Protton Synergy, a fast-growing company in India’s thriving steel industry, needed assistance with a sticky problem. Their engineers assessed pressure surge concerns in a thick paste disposal system. The paste is a by-product of a steel manufacturing process with Bingham plastic characteristics. Bingham plastic describes fluids that flow only if a yield stress is exceeded, for example toothpaste or peanut butter.

The fluid’s non-Newtonian characteristic created uncertainty in applying traditional hand calculation approaches to evaluate maximum and minimum pressures during a transient event. The team selected AFT Impulse to accurately model the unique fluid and system across a range of transient events.

Figure 1: Workspace view of the model highlighting paste disposal points and the series pumps to be evaluated.


The paste is piped from a thickener vessel to a series of disposal points via three pumps in series (see figure 1). The basis of the model was imported from a neutral file, using built-in fittings and precise fluid properties to accurately represent the system (see figure 2).

While the client assessed steady-state performance themself using hand calculation spreadsheets, the team confirmed these calculations against their own model results. This comparison reassured the team’s confidence in the tool before proceeding to their transient analysis.

The team was to assess a valve closure, pump trip, and pump trip and restart against ASME B31.3 for maximum pressure and prevent cavitation/vacuum formation as their minimum pressure requirement.

Figure 2: Viscosity model specification for the Bingham plastic paste.


The initial analysis examined a ten-second valve closure event for maximum and minimum pressure requirements. While the 37 barg (535 psig) peak pressure remained below B31.3’s recommended maximum allowable operating pressure (MAOP), the fluid cavitated downstream of the valve where pressure decreased dramatically.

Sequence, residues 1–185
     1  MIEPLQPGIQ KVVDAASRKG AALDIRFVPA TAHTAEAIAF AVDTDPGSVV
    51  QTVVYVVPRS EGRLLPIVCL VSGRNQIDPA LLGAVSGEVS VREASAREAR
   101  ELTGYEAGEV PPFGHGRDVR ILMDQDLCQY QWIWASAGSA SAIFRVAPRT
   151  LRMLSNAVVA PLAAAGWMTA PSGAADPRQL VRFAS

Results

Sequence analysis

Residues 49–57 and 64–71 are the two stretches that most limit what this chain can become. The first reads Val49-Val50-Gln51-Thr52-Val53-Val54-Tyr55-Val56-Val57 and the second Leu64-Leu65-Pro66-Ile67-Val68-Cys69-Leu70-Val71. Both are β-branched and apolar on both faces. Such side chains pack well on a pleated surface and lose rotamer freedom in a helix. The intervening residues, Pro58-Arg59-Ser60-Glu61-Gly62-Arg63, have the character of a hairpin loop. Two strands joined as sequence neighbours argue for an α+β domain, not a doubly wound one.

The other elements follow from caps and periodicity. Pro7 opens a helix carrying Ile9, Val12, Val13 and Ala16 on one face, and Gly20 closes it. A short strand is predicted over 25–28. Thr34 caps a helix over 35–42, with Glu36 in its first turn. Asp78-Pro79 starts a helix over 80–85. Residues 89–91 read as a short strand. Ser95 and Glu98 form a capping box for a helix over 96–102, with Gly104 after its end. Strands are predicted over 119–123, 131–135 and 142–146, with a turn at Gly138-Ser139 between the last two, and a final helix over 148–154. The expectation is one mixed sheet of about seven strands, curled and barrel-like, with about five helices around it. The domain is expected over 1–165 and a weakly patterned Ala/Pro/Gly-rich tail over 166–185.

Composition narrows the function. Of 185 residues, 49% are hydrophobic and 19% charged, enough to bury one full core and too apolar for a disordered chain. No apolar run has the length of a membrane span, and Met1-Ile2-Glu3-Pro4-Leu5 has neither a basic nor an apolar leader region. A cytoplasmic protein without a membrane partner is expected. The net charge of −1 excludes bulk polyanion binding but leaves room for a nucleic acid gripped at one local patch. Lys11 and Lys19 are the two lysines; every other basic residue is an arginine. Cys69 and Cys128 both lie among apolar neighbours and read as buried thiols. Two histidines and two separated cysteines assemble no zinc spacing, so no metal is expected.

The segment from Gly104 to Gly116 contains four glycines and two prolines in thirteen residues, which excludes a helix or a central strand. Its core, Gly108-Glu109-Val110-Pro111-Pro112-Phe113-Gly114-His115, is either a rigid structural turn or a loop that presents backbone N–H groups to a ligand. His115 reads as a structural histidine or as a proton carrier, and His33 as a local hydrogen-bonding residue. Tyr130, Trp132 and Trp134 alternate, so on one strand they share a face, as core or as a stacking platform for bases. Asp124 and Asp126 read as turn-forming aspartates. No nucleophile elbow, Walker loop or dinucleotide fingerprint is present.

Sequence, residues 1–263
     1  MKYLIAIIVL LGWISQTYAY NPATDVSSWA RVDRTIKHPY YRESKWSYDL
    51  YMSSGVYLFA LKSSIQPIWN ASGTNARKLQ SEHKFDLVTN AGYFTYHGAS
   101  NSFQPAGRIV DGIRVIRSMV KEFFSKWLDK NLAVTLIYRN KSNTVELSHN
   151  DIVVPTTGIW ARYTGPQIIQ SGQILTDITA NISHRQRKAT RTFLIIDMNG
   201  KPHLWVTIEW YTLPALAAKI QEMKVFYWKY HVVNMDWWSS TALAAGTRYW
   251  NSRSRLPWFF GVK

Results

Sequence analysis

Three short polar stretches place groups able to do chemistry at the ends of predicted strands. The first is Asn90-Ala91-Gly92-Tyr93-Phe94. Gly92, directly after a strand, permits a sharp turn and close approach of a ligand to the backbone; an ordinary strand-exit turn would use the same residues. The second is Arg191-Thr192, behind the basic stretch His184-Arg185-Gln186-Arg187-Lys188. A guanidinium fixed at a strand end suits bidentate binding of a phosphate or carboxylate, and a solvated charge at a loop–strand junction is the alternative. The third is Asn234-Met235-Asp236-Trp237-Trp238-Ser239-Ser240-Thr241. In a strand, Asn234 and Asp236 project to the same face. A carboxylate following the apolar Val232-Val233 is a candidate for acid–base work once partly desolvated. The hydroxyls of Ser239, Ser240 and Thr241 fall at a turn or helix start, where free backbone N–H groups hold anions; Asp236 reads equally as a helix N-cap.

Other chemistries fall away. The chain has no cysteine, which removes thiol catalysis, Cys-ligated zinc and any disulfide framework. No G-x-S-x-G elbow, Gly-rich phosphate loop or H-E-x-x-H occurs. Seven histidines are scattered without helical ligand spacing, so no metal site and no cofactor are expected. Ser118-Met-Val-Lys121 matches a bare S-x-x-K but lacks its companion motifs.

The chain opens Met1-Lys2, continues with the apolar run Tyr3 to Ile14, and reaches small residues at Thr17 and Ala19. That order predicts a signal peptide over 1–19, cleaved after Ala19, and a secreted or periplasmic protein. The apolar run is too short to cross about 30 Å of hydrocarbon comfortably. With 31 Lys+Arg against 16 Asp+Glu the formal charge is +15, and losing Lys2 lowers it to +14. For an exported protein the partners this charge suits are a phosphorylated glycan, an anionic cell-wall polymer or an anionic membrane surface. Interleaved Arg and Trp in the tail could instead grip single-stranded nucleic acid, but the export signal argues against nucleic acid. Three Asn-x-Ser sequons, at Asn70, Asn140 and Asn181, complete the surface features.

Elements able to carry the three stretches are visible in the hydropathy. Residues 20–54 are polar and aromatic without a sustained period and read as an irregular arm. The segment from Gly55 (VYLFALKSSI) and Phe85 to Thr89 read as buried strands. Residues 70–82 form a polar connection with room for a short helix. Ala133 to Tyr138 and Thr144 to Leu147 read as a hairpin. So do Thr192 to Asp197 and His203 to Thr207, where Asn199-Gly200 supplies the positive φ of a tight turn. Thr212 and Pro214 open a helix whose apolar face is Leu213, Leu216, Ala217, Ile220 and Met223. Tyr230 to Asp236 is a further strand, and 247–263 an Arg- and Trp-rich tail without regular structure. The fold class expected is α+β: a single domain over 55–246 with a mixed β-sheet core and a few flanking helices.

The unacceptable cavitation and other waterhammer concerns were addressed by sizing and locating a series of air valves, relief valves, and check valves. Subsequent valve closure tests with protection equipment in place eliminated cavitation and its accompanying secondary surge when a vapor pocket collapses.

Next, the team considered a fifteen-second simultaneously pump trip of all three series pumps, as well as a pump trip with restart (see figure 3). In both pump cases the peak pressure was 27 barg (390 psig) and the equipment similarly prevented cavitation throughout the system.

AFT Impulse was also used to generate unbalanced forces to export for stress analysis, which was used by the civil structural team to design support structures.

Figure 3: Transient graphs demonstrating how a pump’s speed, outlet pressure, and flowrate varied during the trip and restart event.


The team credited AFT Impulse’s flexibility to accommodate changes to layout by the design team and using features like Global Edit to mass update components to avoid input error. Visualization tools to demonstrate results to the client made it easy to communicate the problems and mitigation for the surge analysis, ensuring their system will continue to operate safely.

Additionally, the Protton team’s unique non-Newtonian fluid, considerations for both high- and low-pressure concerns, and equipment recommendations that effectively addressed concerns earned the Protton team an AFT Platinum Pipe Award Honorable Mention. 


Founded in 1993, Applied Flow Technology has grown to be a leader in the pipe flow modeling software market. With a primary focus on developing high quality fluid flow analysis software, AFT has a comprehensive line of products for the analysis and design of piping and ducting systems. With channel partners around the world and customers in more than eighty countries, AFT software has helped companies in many industries design safer, more efficient systems and solve operational problems. For more information, visit

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